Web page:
This situation can be noticed between Peru and Norway where the first one produce more ‘efficiently’ Grapes (USS 325.000) in comparation to the other. Norway is able to produce with efficiency lot of Barley because each country / firm exporting what they have better to offer. This is because they are able to produce and sell more product, having more goods and services than other countries

Table 2:

Production: five selected agricultural products of Peru and Norway in 2013

Peru

Norway

Product

Total production (tone)

Yield (Kg/hectare)

Product

Total production (tone)

Yield (Kg/hectare)

Wheat

231

14,976

Wheat

247.000

15,327

Barley

224.533

14,568

Barley

479.600

27,3

Grapes

325.000

20

Grapes

4.180

1,22

Olives

57.8

3,51

Olives

2.43

0,71

Source: 2013, World Development Indicators

QUESTION 4.

Comparative advantage

a. Explain the Theory;

b. Analysis of comparative advantage of Peru and Norway

c. Data table

We can establish a comparation between the two countries in this search. Two goods are produced; say olive and wheat, using only one input, i.e. price per unit. Peru produces one unit of Olive by the price of USD 3.2 while Norway requires to pay USD 19, 47 of unit, respectively. Since Peru can produce Olive at a lower opportunity cost, its best for it to produce and export. The opposite happen to wheat production where Peru pays USD 6 for unit while Norway spends only, USD 1, 94 of unit produced.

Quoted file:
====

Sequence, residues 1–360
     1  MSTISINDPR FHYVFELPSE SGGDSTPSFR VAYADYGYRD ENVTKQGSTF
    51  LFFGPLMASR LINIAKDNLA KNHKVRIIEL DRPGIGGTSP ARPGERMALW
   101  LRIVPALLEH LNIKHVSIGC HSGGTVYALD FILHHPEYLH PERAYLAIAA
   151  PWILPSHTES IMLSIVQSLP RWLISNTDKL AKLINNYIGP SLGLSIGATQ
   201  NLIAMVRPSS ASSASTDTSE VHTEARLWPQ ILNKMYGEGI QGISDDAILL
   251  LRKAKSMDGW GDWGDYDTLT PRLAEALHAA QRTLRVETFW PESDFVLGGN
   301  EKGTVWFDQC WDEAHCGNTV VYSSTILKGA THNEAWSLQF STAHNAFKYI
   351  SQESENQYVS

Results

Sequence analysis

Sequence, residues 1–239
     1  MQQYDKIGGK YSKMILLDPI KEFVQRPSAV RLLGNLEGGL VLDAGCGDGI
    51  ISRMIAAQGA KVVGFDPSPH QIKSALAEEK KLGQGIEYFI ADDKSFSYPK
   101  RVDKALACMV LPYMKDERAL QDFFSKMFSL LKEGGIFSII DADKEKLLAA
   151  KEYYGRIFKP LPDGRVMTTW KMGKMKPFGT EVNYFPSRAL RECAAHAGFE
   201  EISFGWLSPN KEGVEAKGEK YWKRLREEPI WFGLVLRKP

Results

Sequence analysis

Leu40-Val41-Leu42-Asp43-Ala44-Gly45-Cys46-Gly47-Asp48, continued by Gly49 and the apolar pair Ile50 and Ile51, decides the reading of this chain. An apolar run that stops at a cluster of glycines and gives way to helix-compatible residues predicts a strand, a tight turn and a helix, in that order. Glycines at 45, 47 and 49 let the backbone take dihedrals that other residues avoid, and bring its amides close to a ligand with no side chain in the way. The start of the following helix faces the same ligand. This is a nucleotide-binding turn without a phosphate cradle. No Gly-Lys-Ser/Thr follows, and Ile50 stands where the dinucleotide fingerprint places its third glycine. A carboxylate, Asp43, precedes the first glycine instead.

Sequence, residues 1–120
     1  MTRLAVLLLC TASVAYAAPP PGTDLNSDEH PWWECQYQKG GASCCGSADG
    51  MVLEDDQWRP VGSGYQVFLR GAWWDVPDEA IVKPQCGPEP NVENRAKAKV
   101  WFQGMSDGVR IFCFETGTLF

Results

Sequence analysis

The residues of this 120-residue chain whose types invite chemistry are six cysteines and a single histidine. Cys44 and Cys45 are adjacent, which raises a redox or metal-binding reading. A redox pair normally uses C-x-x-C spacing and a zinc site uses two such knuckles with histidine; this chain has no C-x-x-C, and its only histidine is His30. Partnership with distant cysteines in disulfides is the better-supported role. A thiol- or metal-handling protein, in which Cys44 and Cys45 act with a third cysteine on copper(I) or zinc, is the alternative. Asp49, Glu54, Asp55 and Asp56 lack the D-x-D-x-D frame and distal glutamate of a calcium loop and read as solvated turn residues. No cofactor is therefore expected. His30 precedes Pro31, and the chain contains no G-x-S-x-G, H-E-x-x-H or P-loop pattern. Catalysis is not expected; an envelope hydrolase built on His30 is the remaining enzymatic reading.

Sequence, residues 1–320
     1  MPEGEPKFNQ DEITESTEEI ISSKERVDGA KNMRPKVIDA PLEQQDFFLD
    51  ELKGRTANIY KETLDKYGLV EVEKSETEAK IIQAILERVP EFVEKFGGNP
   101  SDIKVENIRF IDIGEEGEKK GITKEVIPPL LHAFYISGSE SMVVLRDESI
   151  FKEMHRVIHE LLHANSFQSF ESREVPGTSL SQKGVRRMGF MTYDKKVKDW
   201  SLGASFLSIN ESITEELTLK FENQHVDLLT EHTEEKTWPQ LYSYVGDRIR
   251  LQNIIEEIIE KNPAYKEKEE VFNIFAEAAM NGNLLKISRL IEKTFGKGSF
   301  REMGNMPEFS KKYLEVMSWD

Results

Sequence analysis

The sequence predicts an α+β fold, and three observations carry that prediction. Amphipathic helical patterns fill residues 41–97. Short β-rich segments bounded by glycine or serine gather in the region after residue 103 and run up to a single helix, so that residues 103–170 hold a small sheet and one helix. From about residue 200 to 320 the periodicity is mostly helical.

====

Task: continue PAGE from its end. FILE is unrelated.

Comparative advantage results from different endowments of the factors of productions (capital, land, labour).

Table 3:

Producer Price: Five selected products of Peru and Norway in 2013

Peru

Norway

Product

Price per unit, USD

Product

Price per unit, USD

Wheat

6

Wheat

1,94

Barley

4,21

Barley

0,975

Grapes

4,32

Grapes

1,12

Olives

3,2

Olives

19,47

Source: 2013, World trade organization.

QUESTION 5.

Factor endowment, trade and income distribution

  1. Hercksher-Ohlin (H-O) model :

a. Explain the Theory;

b. Application and Analysis of H-O model for Peru and Norway

c. Data table

The Heckscher-Ohlin model-Samuelson is the “standard model” of international trade theory Heckscher-Ohlin-Samuelson explains the presence of international trade by differences in allocations for each country of production factors. Through this model, the authors intend to prove the superiority of free trade and the benefits of specialization. Briefly, the exchange ratio between countries is based on the different availability of productive factors Norway exports large amount of Barley, Wheat, oat and potato. Goods that are abundant in the country and imports corn, grapes, raisins and peanuts, goods whose production is dependent on scarce factors locally. The same occurs with Peru whose major exports are Asparagus, Grapes, bananas and beans.